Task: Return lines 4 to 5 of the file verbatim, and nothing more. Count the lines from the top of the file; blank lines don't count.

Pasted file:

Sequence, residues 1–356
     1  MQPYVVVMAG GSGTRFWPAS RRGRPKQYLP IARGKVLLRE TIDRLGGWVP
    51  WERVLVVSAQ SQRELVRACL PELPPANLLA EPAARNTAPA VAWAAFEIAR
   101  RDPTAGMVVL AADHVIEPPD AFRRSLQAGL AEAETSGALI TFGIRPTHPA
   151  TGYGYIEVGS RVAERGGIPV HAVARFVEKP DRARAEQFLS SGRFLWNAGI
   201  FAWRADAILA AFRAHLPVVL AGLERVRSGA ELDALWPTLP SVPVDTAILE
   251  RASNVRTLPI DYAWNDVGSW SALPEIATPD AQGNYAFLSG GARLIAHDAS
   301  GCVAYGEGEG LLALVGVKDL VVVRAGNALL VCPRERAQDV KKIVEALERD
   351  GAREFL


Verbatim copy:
   101  RDPTAGMVVL AADHVIEPPD AFRRSLQAGL AEAETSGALI TFGIRPTHPA
   151  TGYGYIEVGS RVAERGGIPV HAVARFVEKP DRARAEQFLS SGRFLWNAGI